The shift of the family also goes right into the grandmother of Ruba and Faiz, who visits her daughter (Razzak’s sister). Perhaps one of the most imperative aspects of social influence and stigma swims along the shores of this scene, slicing the cake of connectivity. Questions like “Should every family member advocate an individual’s career choices? &“Can the merit of money be perceived contrarily by different layers of the community?” spin like gold wheels across the house of Razzak’s sister. 

Director Shahrukhkhan seamlessly projects a diverse set of themes by analyzing the rich and poor in this zoomed interaction, from the choice of games the cousins play to the construction of ideas presented by Razzak’s sister. There isn’t a right direction that can shift the audience to elect, as the limelight of the segment lies on the power of human nuances.

A special ovation goes to the sound designer, Bigyna Dahal, who kept the film’s soul on the right note. The sound of rickshaws honking and the crystal-clear note of stepping on the pathway of shop lots circulates a grounded feel of being transported to Kalupur virtually.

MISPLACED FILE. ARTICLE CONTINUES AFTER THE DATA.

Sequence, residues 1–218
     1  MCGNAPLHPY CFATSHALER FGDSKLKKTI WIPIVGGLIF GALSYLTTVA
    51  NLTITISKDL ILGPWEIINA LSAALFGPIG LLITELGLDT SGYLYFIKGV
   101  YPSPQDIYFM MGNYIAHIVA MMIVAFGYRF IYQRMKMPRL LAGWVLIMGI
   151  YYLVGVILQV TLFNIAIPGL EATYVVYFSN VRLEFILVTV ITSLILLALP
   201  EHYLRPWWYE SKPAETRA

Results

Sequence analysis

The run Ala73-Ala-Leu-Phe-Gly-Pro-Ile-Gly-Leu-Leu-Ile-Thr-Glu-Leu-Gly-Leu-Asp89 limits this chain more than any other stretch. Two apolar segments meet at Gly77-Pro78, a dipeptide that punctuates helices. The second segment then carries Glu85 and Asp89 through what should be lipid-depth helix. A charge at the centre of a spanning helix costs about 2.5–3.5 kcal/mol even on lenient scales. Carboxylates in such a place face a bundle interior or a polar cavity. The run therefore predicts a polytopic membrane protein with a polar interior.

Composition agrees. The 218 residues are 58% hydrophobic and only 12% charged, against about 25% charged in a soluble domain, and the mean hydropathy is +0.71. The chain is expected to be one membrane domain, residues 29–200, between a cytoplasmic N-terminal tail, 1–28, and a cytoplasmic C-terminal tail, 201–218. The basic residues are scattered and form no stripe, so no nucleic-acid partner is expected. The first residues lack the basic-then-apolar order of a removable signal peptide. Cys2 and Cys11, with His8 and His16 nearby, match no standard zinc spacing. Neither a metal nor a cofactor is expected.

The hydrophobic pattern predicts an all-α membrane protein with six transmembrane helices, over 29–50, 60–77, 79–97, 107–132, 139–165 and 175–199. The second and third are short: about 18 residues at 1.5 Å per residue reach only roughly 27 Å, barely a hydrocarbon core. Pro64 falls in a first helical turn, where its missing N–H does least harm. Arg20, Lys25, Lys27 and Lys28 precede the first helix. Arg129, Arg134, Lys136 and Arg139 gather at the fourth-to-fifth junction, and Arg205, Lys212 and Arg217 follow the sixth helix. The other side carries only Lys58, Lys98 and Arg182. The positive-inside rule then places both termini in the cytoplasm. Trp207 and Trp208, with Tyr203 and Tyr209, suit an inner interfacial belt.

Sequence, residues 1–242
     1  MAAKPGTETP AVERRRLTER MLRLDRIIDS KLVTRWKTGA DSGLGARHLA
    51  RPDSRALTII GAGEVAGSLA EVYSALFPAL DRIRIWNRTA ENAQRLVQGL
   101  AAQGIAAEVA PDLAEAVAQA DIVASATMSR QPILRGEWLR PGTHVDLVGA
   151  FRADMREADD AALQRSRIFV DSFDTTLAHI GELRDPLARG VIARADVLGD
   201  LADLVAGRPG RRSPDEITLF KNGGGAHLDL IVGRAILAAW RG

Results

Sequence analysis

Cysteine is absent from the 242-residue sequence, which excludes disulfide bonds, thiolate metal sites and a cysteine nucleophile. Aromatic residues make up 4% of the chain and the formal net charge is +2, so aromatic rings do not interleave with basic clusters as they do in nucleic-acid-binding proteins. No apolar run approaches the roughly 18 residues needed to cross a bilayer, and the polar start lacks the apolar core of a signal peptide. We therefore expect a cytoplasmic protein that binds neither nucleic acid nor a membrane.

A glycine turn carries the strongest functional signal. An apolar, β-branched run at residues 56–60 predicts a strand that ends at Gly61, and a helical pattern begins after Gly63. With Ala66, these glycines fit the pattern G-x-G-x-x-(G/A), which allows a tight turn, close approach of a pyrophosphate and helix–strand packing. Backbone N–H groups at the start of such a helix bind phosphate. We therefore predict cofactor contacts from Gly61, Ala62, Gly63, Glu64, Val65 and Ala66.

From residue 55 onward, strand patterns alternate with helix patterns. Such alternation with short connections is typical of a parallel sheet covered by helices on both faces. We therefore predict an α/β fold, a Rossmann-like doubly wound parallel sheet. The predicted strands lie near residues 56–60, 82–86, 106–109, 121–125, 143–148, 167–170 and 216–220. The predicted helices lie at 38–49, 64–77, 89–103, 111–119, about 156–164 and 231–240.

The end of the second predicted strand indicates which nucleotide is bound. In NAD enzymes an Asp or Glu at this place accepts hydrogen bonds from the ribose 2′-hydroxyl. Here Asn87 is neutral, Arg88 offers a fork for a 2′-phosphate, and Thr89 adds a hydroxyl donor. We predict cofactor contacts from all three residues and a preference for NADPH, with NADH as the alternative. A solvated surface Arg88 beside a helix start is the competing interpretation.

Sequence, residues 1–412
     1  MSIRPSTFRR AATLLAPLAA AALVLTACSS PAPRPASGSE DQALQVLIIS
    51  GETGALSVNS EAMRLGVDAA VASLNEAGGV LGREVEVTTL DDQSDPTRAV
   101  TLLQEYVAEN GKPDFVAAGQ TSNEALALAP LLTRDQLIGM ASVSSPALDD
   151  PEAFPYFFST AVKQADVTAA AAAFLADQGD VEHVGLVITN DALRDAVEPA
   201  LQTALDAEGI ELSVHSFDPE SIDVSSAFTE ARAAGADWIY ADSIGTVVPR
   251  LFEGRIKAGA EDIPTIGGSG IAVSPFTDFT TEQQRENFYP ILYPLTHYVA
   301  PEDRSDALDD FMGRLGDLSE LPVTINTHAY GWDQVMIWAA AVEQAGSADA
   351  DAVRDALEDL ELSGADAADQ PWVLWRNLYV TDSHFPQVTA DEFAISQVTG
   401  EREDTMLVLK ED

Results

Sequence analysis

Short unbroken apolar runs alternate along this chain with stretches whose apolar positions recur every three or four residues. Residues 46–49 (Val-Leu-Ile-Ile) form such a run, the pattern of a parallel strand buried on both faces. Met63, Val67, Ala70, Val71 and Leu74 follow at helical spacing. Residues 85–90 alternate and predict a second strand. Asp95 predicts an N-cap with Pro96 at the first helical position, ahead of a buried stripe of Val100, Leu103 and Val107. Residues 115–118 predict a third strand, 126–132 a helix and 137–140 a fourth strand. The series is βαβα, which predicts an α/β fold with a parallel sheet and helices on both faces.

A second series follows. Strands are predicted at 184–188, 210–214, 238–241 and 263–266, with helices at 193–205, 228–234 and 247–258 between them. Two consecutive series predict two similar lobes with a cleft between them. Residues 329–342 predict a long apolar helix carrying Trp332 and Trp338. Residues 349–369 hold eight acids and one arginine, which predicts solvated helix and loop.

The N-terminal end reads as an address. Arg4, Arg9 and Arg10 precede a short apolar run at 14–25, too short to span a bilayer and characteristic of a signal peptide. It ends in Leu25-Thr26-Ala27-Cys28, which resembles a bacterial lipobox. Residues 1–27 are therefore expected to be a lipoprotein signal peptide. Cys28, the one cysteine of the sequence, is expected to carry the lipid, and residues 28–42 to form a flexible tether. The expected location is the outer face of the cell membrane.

Troops mastering the knack of perceptions can be riveted by the characterization of Faiz, who seems to be an unsought example within his circle. Living with his sisters and her extended friends has made him heartened with the games they play, which contradicts the eminence of his male friends, who despise him the moment he is called to return home. Faiz is a modern-day exemplar of being in a socially challenged community that condemns a person’s choice of life if it is taken out of the box of typicality.

The film’s title, “Which Colour,” schemes a metaphorical interpretation of witnessing different shades of personalities living in the same family. Razzak’s family lives in an equipped home that offers more than just shelter, as it is a paradigm of life filled with opinions and concealed solace. A pleasant family that bears the serenity of life despite the bumpy rocks that knock them while searching for their respective torchlights. Director Shahrukh ingeniously conveys his ultimate memo that there is zero divide between families of diverse religions, as the warmth felt within Razzak’s family is wholly indistinguishable from the rest of the world’s communities.

The sessions of having dinner with family members, the concern given to the ailing individuals, and the hearty meals prepared by loved ones are all contemporary in the associated world of the human interface. However, thunder might just sneak out of the clouds when we least expect it through an unfathomable political agenda that might diminish the sun’s rays.

Read More: 25 Great Feminist Films That You Should Watch

Kayo Kayo Colour? (2023) Movie Links: IMDb